Stop It Now! Vermont

Brief History

Stop It Now! Vermont began in 1992 as the first pilot program for Stop It Now!. The program was developed to answer some critical questions such as:

  • Will abusers and those at risk to abuse respond to our call to stop and reach out for help?
  • Are we willing to look at the warning signs for perpetration in people we love?
  • Can we change the social climate enough to allow each of us to talk about child sexual abuse and ultimately, question sexualized behaviors in our own families when we see them?

A group of dedicated professionals and organizations throughout Vermont worked for nearly three years to develop the media messages and the needed services to encourage families to step forward for help. With the generous sponsorship of the Safer Society Foundation, Inc. and funding for the W.K. Kellogg Foundation, Inc. Stop It Now! Vermont was publicly launched in September of 1995. 

The program tested the application of public health campaign concepts to child sexual abuse prevention by working with the media and with community-based organizations to reach adults in high-risk situations.  Stop It Now! Vermont gained statewide recognition for increasing the amount of media attention and information available on child sexual abuse.  The model was then adopted by the Centers for Disease Control and Prevention for its RFA on Collaborative Efforts to Prevent the Perpetration of Child Sexual Abuse in 2002 as well as for its CDCynergy Violence Prevention publication.  Stop It Now! Vermont reduced activities in 2001 due to lack of  funding and closed in 2004.


Here is a selected list of publications about the Stop It Now! Vermont program:

  • Stop It Now!,  Evalution of the Stop It Now! Vermont program, 2000
  • Stop It Now!, CDCynergy Violence Prevention Edition, 2005
  • Coffman, Julia, Lessons in Evaluating Communications Campaigns: Five Case Studies, Harvard University Graduate School of Education, 2003.
  • Tabachnick, Joan. Create a social marketing campaign with information learned from abusers, those at risk to abuse, and their friends and families (2003) In National Child Advocate, 5 (2), 1-10.
  • Tabachnick, Joan. STOP IT NOW! An innovative social marketing campaign targeting sexual abusers and the people who know abusers (2003) Social Marketing Quarterly, 9(1), 42-47.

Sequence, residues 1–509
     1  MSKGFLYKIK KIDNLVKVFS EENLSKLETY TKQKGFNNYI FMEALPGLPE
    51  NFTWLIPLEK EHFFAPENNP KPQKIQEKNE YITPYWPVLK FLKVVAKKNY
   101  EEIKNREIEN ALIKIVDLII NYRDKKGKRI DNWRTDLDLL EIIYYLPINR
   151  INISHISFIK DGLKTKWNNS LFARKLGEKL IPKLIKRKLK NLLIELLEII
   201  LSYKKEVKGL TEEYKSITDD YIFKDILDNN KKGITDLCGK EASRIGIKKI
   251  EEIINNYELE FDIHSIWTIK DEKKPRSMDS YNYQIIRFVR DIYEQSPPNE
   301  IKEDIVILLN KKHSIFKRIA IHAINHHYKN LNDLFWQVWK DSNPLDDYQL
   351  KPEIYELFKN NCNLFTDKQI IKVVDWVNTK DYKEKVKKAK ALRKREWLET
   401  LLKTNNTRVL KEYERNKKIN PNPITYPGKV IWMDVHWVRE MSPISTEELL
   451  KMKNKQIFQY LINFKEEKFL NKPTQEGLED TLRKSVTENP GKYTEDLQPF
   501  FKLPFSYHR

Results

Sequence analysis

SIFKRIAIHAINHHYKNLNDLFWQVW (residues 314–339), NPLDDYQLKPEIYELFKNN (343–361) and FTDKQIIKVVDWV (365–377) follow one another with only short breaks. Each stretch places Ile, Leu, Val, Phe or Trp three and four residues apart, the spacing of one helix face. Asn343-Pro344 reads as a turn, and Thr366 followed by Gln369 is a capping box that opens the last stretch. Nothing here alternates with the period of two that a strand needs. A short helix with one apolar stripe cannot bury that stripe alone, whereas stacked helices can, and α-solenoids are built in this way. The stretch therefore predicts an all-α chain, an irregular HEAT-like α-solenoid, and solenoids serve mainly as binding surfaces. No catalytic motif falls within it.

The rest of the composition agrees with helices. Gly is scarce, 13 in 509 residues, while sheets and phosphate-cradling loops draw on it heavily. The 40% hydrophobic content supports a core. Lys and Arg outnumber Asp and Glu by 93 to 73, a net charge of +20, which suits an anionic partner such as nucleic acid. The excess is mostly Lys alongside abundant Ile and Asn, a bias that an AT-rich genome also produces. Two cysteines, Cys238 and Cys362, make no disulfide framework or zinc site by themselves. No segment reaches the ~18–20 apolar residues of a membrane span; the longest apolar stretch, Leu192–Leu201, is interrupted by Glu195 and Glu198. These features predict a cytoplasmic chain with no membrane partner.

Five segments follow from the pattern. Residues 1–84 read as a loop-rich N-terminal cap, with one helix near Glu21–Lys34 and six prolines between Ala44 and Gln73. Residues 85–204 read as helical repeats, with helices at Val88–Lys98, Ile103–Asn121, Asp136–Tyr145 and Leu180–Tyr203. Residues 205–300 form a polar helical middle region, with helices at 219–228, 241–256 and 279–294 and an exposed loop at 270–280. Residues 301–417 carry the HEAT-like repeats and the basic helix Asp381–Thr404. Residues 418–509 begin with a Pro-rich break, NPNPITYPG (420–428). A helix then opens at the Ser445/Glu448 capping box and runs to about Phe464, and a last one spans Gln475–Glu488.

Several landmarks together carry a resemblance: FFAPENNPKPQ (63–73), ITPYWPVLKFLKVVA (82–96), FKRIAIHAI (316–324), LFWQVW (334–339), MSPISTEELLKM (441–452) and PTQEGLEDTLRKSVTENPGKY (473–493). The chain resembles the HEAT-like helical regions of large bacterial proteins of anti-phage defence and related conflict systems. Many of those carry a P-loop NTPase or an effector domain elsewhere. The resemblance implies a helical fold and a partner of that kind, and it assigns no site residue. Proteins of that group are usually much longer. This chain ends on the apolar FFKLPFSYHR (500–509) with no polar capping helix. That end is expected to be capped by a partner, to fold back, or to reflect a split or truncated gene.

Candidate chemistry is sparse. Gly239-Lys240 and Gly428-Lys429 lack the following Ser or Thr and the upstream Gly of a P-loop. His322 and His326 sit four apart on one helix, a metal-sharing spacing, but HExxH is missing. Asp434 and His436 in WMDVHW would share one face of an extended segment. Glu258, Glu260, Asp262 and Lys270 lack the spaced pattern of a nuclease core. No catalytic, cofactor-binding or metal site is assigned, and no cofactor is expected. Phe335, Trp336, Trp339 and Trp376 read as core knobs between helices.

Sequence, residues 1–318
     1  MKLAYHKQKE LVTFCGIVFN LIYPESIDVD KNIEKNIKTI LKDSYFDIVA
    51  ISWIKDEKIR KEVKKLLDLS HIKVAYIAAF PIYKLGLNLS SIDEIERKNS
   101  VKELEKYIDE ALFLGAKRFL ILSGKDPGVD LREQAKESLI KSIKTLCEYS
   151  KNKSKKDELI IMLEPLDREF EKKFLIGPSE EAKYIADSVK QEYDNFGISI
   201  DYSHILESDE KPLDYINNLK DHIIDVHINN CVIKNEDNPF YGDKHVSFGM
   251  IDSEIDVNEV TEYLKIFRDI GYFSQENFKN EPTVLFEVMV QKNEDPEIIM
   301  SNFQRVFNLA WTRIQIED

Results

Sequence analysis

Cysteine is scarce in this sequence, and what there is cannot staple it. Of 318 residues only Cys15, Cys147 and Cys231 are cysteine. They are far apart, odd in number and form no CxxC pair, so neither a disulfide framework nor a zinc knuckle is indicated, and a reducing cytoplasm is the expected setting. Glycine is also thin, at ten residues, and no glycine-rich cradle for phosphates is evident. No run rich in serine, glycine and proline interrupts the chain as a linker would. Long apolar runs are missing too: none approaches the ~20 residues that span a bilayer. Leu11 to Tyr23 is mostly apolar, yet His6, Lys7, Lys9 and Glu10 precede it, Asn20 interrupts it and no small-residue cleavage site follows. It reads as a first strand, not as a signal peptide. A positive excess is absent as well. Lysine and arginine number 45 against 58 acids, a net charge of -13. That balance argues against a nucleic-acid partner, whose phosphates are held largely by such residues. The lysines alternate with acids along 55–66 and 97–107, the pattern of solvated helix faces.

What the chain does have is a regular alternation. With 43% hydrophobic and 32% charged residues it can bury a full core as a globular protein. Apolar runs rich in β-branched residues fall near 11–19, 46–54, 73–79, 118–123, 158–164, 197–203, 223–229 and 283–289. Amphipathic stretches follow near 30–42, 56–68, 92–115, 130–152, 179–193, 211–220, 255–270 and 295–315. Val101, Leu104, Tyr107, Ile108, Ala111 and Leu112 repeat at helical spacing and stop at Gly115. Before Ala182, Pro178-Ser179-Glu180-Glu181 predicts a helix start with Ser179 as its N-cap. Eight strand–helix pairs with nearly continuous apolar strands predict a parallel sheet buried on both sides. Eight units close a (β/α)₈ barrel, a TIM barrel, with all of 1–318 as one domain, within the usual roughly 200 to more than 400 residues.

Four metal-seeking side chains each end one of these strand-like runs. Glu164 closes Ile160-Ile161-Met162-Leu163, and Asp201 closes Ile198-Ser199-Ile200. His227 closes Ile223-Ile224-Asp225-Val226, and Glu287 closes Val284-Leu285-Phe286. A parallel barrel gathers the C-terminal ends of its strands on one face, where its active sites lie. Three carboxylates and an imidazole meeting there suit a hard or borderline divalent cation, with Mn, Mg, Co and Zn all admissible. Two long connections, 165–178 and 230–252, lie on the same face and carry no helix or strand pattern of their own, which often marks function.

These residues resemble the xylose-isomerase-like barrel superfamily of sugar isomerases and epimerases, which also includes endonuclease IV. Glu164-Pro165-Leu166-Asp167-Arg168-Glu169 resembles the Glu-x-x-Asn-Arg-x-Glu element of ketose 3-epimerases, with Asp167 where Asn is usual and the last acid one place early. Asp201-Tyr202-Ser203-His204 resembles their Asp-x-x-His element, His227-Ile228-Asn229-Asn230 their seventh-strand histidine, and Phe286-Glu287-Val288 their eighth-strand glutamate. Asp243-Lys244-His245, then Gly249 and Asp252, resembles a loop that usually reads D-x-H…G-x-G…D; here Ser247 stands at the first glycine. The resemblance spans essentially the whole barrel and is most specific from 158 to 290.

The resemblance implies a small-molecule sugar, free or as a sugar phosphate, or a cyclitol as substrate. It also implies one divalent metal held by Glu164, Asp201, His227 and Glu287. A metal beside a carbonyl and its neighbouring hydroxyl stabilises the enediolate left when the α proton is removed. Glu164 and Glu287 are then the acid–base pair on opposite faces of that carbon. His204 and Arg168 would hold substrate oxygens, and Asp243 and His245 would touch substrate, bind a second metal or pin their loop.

• Tabachnick, Joan,  Lisa Chasan-Taber, and Pamela McMahon. Evaluation of a child sexual abuse prevention program - Vermont, 1995-1999 (2001) In Morbidity and Mortality Weekly Report, February 9, 50(05). Atlanta, GA: US Centers for Disease Control and Prevention.
  • Tabachnick, Joan,  Lisa Chasan-Taber, and Pamela McMahon. Evaluation of a child sexual abuse prevention program -Vermont, 1995-1999 (2001) Journal of the American Medical Association, March 7, 285,(9), 114-115.
  • Tabachnick, Joan,  Lisa Chasan-Taber. Evaluation of a child sexual abuse prevention program, (1999). Sexual Abuse: A Journal of Research and Treatment, 11(4), 279-292.
  • Tabachnick, Joan, Fran Henry and Liz Denny. Perceptions of child sexual abuse as a public health problem (1997) Morbidity and Mortality Weekly Report, August 29, 46(34). Atlanta, GA: US Centers for Disease Control and Prevention.

Advisory Board/Collaborative Partners 

  • OUR House
  • Pre-Sentence Alternative Program
  • Prevent Child Abuse Vermont
  • Safer Society Foundation, Inc.
  • STEP program
  • Vermont Center for the Prevention and Treatment of Sexual Abuse
  • Vermont Educational Support Associates
  • Vermont Partnership for an Abuse Free State

Market Research

Social Marketing

Stop It Now! Vermont created challenging print, billboard and tv ads that encouraged people at risk to abuse and as well their family and friends to take action to stop the abuse and get help and accountability.   These confrontational ads, although sometimes difficult to place because of the controversial nature, did result in calls to the Helpline.  See the Evaluation for more details.

Community Education & Training

Stop It Now! Vermont hosted the first Community Dialogues between “recovering” sex offenders, adult survivors, and family members who knew both.  Read more about the Dialogues.